He then turned towards domestic Israeli jurisprudence, serving as a judge on the Jerusalem District Court from 1995 to 1997, when he was appointed Attorney General of Israel, a position he held until January 25, 2004.
In May 2004, Rubinstein was appointed to Israel's Supreme Court. In January 2015 he was appointed Vice President of the Court, a position he will hold until his statutory retirement at the age of 70, in 2017. Rubinstein served as chairman of the Central Elections Committee for the 2013 Israeli legislative election.
Rubinstein shared the Gabriel Peace Prize with Jordanian ambassador Fayez Tarawneh for negotiating the Israel–Jordan peace treaty. He was awarded honorary doctorates by Yeshiva University and the Jewish Theological Seminary, both in New York, and Bar-Ilan University. He has written books and articles on the Supreme Court, public law in Israel, the history of Israel during the British Mandate, the history of the Arab-Israeli conflict, and the peace process. In addition to Bar-Ilan University, he has also taught at Tel Aviv University and his alma mater, the Hebrew University of Jerusalem.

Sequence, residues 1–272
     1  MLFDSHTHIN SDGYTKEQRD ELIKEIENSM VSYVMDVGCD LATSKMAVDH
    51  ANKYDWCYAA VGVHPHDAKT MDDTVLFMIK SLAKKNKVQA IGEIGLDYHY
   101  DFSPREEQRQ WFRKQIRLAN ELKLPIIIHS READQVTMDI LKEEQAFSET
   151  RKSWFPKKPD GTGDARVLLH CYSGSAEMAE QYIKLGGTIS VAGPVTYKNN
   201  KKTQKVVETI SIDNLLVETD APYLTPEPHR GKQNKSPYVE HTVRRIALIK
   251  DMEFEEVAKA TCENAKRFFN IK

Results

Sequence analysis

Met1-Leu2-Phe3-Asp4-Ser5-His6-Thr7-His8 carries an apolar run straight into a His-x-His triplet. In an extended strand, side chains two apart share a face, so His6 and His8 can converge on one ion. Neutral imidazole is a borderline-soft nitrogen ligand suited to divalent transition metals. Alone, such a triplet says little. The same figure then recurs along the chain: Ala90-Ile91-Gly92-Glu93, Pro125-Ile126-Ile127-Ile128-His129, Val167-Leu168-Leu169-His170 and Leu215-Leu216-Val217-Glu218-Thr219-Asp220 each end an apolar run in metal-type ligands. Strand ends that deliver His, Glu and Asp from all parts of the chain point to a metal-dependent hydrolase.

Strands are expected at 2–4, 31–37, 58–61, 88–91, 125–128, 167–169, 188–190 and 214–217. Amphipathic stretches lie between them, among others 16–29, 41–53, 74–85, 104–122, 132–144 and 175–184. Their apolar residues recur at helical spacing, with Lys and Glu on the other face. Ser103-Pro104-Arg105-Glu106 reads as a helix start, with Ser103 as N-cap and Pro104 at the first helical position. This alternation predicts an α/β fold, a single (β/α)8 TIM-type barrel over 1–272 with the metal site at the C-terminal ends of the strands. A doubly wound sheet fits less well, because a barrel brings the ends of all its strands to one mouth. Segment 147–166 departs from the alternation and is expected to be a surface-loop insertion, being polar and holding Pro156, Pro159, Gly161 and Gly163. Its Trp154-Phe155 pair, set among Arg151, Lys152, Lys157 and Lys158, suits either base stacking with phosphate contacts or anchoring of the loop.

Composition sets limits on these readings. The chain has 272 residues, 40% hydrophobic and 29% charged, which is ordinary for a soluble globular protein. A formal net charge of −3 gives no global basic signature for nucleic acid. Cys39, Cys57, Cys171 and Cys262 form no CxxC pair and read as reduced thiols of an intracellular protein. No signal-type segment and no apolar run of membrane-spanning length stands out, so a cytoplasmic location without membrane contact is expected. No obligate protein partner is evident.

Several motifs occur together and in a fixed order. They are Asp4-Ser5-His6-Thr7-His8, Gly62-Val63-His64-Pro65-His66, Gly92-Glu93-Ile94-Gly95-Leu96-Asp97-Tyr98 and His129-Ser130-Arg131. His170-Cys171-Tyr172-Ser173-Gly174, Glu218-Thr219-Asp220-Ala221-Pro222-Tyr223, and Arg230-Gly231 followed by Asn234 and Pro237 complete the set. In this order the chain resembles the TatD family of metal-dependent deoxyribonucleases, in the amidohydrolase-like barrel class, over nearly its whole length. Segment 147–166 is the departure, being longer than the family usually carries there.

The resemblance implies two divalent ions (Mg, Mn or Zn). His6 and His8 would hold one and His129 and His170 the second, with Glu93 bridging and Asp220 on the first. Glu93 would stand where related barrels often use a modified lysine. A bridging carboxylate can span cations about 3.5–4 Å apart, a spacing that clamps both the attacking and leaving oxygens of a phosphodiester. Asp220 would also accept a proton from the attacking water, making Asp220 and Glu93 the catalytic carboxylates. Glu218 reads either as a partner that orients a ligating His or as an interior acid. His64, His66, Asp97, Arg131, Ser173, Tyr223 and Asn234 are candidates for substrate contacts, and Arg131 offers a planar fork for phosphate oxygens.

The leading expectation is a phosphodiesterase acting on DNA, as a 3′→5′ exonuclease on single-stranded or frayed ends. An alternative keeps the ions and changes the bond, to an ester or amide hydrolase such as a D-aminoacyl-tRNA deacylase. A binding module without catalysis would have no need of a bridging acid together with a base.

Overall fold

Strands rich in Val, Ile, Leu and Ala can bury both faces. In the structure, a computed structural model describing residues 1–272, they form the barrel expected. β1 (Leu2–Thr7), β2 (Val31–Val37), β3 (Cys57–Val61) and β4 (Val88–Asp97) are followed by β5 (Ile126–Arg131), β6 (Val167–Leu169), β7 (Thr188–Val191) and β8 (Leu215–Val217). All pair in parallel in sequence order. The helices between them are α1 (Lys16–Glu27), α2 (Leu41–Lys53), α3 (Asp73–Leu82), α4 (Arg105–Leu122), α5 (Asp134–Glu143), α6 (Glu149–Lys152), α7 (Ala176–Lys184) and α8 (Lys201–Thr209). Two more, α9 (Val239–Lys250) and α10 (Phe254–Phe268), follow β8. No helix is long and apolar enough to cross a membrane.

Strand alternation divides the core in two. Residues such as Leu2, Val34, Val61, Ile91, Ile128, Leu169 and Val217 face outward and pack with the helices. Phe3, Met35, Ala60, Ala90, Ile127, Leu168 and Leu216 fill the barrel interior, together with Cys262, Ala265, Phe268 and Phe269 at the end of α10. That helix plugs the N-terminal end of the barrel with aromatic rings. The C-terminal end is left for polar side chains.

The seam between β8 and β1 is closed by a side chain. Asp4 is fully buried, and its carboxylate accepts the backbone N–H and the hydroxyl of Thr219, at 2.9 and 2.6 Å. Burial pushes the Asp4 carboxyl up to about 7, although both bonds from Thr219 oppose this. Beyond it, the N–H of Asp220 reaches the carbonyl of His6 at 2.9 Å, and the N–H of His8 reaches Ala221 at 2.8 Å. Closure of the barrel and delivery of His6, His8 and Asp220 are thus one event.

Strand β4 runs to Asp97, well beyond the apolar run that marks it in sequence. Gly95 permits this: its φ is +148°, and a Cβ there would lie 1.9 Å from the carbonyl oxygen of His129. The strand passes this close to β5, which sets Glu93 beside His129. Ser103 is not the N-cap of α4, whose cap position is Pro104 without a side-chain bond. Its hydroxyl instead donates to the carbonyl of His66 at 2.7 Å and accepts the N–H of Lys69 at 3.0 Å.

As Attorney General, Rubinstein gained a reputation for being somewhat of a liberal reformer, going up against the established might of Orthodox Judaism in favor of religious pluralism to represent all factions of Judaism. His most important success in this endeavor came when Reform and Conservative Judaism gained seats on Jerusalem's religious council, previously controlled entirely by the Orthodox. He has proposed opening a section of the Western Wall for non-Orthodox religious services, but this has not yet been implemented.
In 1999, Rubinstein decided not to investigate former Sephardi Chief Rabbi Ovadia Yosef, the founder and spiritual leader of the ultra-Orthodox Shas party, for calling Supreme Court justices "evildoers", "empty-headed and reckless" and various other harsh epithets. A year later, however, he did order an investigation after Rabbi Yosef compared the secular education minister, Yossi Sarid, to the Pharaoh of the Book of Exodus and said he should be "extirpated from the Earth" like Haman in the Book of Esther.
In January 2000, Rubinstein asked President Ezer Weizman to hand over financial documents after it was disclosed in the press that he failed to report $450,000 he received as a "gift" from a friend to the Knesset and tax authorities. Weizman ultimately resigned six months later.